Where None of Us Reflects Our Creator Nearly as Well as All of Us.
Our journeys started at opposite ends of the continent.
Tracy was born in rural East Texas during the heart of the Civil Rights movement. A child of proud Black educators, Tracy experienced and persevered through discrimination from her earliest years. Moving from a rural setting in the South to urban Minneapolis in the Upper Midwest as a young child did not mean leaving discrimination behind. The North was no racial nirvana, and the reality of discrimination was even more pronounced.
Peter was born in rural, arctic Alaska just a year after Tracy. His birthplace was far removed from the social reckoning sweeping through most of the United States at the time. Peter, whose parents were white educators, had a different experience of being a minority among the many cultural communities of Indigenous Alaskans. On the “last frontier,” focused on survival, the diverse communities of Alaska relied on one another and interacted with shared purpose and mutual respect.
We didn’t set out to make our life about racial redemption, but our origin story made it kind of inevitable.
As God ordained our paths, we walked onto campus at Biola University in southern California on the same day in the mid-1980s. We met after two white students and their parents refused to share a dorm room with Tracy. Openly agitated at the idea of their daughters rooming with “a black,” they waited until Tracy left and then moved all of her belongings onto an empty bed down the hall. What motivated them was evil, but God redeemed it for good because the empty bed was next to a friend of Peter’s who promptly introduced Tracy and Peter.
Five years later, our path led us down an aisle and into the adventure of marriage that has shaped us for 33 years. We formed our biracial family and then expanded it as six kids arrived—via both the hospital and the airport.
After two birth kids, we adopted our three oldest children—siblings from Ethiopia—and grew our young household from four to seven overnight. Two years later, we had one more child, who completed our family of eight. We celebrate a community of Black and white, American and Ethiopian under one roof. We didn’t set out to make our life about racial redemption, but our origin story made it kind of inevitable.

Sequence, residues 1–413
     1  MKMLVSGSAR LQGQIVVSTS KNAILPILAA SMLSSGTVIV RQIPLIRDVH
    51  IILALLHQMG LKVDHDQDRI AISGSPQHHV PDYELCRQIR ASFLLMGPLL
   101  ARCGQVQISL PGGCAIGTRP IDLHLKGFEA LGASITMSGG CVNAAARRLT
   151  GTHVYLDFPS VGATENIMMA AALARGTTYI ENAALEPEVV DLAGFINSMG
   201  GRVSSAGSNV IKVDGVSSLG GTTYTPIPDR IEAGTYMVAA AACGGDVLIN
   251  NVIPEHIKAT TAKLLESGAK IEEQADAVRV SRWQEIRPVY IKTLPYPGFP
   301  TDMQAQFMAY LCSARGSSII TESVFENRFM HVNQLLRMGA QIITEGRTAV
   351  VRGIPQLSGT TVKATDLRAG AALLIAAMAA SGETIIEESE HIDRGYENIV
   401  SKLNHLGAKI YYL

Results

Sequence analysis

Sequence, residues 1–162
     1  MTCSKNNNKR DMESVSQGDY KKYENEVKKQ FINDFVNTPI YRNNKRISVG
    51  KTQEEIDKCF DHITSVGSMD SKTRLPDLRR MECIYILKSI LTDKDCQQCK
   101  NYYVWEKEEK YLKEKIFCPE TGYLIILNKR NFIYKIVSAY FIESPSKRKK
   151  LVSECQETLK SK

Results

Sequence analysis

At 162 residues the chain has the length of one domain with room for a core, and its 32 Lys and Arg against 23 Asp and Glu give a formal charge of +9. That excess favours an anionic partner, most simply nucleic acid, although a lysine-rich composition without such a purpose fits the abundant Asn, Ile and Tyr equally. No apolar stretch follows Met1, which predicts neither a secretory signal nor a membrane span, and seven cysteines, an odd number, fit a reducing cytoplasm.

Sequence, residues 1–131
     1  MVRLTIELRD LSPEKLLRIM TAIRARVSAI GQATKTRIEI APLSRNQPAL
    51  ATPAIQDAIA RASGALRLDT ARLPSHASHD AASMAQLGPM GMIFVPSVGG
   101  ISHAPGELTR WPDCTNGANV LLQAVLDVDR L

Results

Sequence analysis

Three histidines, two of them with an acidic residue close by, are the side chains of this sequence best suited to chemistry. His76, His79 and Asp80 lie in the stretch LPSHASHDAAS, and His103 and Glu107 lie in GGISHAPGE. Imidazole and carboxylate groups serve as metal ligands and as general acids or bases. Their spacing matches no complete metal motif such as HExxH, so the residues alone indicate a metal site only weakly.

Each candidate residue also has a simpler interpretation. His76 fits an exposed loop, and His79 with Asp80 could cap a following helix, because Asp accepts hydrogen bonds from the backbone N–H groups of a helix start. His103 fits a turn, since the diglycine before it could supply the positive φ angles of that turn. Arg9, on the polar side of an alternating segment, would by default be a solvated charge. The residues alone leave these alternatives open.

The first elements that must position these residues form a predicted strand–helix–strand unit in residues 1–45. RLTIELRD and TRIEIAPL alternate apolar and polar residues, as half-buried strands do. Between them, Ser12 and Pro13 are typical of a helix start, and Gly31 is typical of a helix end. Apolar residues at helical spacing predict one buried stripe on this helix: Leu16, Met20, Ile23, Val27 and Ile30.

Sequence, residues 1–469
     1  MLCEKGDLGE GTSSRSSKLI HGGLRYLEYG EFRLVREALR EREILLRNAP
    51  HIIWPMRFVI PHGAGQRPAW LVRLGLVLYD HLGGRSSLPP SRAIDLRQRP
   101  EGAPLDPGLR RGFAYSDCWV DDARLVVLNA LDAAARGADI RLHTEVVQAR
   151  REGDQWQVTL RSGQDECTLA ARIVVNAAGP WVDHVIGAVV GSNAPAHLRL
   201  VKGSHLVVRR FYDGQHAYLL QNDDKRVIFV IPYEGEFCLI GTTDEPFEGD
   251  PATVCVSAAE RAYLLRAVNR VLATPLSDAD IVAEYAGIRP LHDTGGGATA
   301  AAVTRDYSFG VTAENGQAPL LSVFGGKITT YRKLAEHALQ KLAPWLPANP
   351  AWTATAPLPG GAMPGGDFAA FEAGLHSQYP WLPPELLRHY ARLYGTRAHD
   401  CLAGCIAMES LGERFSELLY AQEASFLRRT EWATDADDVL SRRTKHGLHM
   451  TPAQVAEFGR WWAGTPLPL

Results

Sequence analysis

In his work as a high school teacher and administrator in Minnesota and Colorado, Peter experienced campaigns at various schools and districts to “Celebrate Diversity,” alongside expectations to be colorblind and impartial. Yet, despite such overt claims of harmony, he witnessed hostility and insecurity in all types of relationships.
In the early 1990s, a group of white students at a suburban high school where Peter was teaching attacked and beat a Black female student for being “disrespectful.” At the same time, Peter worked with teaching and coaching colleagues who made team selections or academic recommendations based more on negative racial stereotypes than individual ability. Educators who professed to be “colorblind” routinely discouraged students of color from more advanced or challenging classes and activities.
In her roles as a hospice chaplain and later as pastor, Tracy has counseled and sojourned with people from multiethnic communities and multiple faith traditions. While most were welcoming of Tracy’s gifts and ministry, some were not. On one occasion, a hospice client greeted Tracy at the door, saying that she was the first “colored” person in their home. At another patient visit, a neighbor blocked Tracy’s car with his truck and demanded to know what she was doing in his neighborhood where it appeared, “you don’t really belong.”